Urban Gardens

Nicola Campogrande “Urban Gardens” with Abbado/Arciuli is sublime! If all new music is this exciting and full of joy, bring me more!”
– Alison Young, Classical Minnesota Public Radio / Twitter, September 13, 2014


Campogrande’s music sparkles with wit and energy but displays, too, a rich vein of melancholy in the bluesy tune that permeates the second movement (of  his pianoconcerto”Urban gardens”). There are touches of Ravel in the writing for piano, but the sound and style is something new and original. The composer, a bearded, lanky 45-year-old, was present. He joined the musicians onstage at the end and received a rousing ovation
The Star Tribune, Minneapolis


But the strongest impression came from the program’s newest work, an intriguing jazz-flavored, pseudo-piano concerto by Italian composer Nicola Campogrande (…) It sounded something like a modernist homage to George Gershwin with its bluesy, slow movement and evocation of urban landscapes. Arciuli handled its ample demands impeccably, whether scurrying about the keyboard hyperactively or laying florid lines atop the orchestra in a style reminiscent of Oscar Peterson’s orchestral excursions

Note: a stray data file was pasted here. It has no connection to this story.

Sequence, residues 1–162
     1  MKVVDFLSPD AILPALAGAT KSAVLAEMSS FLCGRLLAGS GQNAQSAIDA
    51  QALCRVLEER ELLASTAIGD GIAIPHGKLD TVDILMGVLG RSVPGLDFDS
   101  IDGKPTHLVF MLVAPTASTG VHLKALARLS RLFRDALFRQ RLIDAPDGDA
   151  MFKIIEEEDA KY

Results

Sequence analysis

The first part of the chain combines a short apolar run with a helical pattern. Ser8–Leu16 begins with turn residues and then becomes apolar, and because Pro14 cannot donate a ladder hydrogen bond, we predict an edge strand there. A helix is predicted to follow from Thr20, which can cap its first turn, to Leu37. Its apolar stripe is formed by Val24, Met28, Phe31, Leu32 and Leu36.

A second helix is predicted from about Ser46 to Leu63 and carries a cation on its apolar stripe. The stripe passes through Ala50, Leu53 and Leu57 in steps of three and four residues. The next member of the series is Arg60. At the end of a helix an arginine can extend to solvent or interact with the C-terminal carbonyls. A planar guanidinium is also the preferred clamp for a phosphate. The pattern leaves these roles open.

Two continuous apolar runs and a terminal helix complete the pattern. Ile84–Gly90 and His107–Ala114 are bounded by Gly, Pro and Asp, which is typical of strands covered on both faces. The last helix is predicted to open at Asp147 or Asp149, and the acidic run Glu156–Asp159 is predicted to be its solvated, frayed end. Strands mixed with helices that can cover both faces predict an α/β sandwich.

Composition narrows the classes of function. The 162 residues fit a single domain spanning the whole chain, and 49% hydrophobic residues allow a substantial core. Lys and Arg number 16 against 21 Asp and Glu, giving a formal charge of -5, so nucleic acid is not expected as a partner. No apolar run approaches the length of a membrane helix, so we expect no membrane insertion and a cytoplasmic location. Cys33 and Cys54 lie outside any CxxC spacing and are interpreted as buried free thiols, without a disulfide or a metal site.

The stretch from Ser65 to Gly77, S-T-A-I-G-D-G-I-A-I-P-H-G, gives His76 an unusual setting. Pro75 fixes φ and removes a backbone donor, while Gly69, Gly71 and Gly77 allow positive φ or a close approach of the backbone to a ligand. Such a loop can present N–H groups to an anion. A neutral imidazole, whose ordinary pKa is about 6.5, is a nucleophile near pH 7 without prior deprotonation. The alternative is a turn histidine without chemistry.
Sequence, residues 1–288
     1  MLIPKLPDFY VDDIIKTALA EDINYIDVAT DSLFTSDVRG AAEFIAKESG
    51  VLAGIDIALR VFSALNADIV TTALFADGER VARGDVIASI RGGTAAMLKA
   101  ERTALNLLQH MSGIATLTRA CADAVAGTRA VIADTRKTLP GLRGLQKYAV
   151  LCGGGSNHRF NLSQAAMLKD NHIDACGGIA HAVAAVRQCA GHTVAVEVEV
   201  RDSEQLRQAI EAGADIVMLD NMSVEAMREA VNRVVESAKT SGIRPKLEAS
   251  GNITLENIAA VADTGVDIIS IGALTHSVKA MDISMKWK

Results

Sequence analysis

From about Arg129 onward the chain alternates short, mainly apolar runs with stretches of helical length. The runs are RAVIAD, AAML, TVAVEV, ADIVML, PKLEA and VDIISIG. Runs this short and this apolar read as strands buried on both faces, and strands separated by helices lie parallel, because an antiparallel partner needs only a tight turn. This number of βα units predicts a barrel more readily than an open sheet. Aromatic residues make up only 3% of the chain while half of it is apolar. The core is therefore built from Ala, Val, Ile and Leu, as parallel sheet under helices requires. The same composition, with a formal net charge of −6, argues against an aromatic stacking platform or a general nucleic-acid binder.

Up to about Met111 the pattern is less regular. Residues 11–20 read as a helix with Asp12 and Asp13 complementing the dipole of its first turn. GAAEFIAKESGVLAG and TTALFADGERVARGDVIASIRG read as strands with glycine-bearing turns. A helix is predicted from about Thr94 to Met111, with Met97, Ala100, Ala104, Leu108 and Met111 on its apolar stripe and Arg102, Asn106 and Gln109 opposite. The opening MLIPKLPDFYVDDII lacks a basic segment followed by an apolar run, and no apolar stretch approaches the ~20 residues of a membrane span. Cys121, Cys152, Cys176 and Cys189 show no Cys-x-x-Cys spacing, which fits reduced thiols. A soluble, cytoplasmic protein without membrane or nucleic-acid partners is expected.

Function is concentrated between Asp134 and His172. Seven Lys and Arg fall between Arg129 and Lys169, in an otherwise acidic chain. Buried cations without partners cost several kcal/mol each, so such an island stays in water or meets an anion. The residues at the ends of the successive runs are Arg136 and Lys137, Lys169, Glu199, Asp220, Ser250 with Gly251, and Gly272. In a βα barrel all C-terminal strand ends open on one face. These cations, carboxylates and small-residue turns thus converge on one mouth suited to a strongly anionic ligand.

– The Pioneer Press, St Paul (Minnesota)


Campogrande’s premiere, which served as the centerpiece of the program, was a largely impressive contribution from a composer who has not attracted much attention on this side of the Atlantic. The music was accessible while still full of complexity and individual character (…) The second movement, “In a Jazz Club Courtyard,” proved to be the most memorable, beginning with a jazz-tinged dialogue between piano, winds and percussion that built to a clangorous climax, followed by the entry of the strings in one of the most successful efforts I have heard to integrate the swing and syncopation of jazz with an orchestra
– Eric Prindle, Bad Entertainment.net, September 15, 2014